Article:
Professor Jamie Pittock said in a statement that if the projects were implemented, they would speed up the country's move to renewable energy. He wrote a paper on the environmental impact of such a system which was published in the Australian Environment Review.
“Estimates are that we would need about 20 big PSH facilities to back up the entire national grid. It’s partly a judgment call about how much risk you want to take in terms of the reliability of the electricity supply," he said.
PSH has two connected reservoirs and when there is excess power — for example, on especially sunny or windy days — water is pumped uphill. When the demand rises, power can be generated by releasing water back down to a generator.
These projects had a total installed nameplate capacity of 184GW with about 25GW being in the US. The round-trip energy efficiency of PSH varies between 70% and 80%, Wikipedia said, adding that there claims that this was as high as 87%.
Snowy Hydro’s Tumut 3 pumped storage hydropower station. Photo: Professor Jamie Pittock
Asked why Australia seemed to be a late entrant into using this kind of storage project, Prof Pittock told iTWire that it was probably due to cultural reasons.
The country had been used to depending on coal-fired stations for baseload power for a long time and only recently had there been a change in thinking, he added.
Prof Pittock said there was no danger that there would be a reversal of looking at PSH were the government to change at the forthcoming federal poll.
Indeed, he said, there was probably going to be more emphasis on renewable energy. But he credited the current government with having provided the necessary encouragement for looking at PSH.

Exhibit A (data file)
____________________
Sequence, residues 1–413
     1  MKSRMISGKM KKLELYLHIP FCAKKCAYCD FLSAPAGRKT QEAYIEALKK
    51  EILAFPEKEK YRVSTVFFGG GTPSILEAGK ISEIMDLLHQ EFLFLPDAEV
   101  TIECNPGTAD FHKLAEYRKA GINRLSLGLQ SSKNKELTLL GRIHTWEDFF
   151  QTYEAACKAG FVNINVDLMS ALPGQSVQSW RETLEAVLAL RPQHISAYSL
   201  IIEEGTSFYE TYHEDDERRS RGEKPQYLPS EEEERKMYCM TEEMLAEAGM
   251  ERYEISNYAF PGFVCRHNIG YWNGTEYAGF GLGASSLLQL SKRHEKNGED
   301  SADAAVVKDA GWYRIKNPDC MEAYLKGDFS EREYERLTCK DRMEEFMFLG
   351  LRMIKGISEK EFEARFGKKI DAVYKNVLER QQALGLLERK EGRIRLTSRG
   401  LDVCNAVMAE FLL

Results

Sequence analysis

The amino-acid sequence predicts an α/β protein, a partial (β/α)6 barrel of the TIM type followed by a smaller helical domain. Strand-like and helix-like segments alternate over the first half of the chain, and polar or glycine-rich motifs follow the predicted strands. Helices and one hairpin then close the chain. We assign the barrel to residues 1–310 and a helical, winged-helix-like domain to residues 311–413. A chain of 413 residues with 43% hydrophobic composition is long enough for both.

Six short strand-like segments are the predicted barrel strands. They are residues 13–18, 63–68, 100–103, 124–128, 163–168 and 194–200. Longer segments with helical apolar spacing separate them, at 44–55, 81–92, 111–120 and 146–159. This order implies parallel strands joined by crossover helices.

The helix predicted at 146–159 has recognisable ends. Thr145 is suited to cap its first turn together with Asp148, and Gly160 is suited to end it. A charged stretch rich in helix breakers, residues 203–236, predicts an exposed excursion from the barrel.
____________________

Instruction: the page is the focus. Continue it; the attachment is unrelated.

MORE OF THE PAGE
Prof Pittock said: "We’re talking about more than 20 projects being assessed or built. This would put us well on the way to having a national grid that could rely almost entirely on renewables.
“It’s really a game changer. It destroys any argument that solar and wind can’t provide the baseload power needed to keep the lights on in eastern Australia.”
Prof Pittock said there were some unusual challenges involved in setting up PSH projects. "A lot of people live in rural areas because they don’t want to live next to a big industrial project, it might be a shock if somebody suddenly turns around and says they want to build a reservoir on top of the nearest mountain," he said.
Many areas that were at high elevations and were suited could not be used due to the presence of national parks or cultural sites, while other sites were too far from water or existing electricity transmission lines.
Prof Pittock said suitable sites included everything from old quarries, to doubling existing pumped hydro schemes and a “green” steel mill.
“One example is the old gold mining tunnels under Bendigo in Victoria, so [it would work by] sucking the contaminated water up to the surface and feeding it back down the mine shafts,” he said.
There was no blanket rule on where the water would be sourced, with a South Australian project proposing the use of sea water.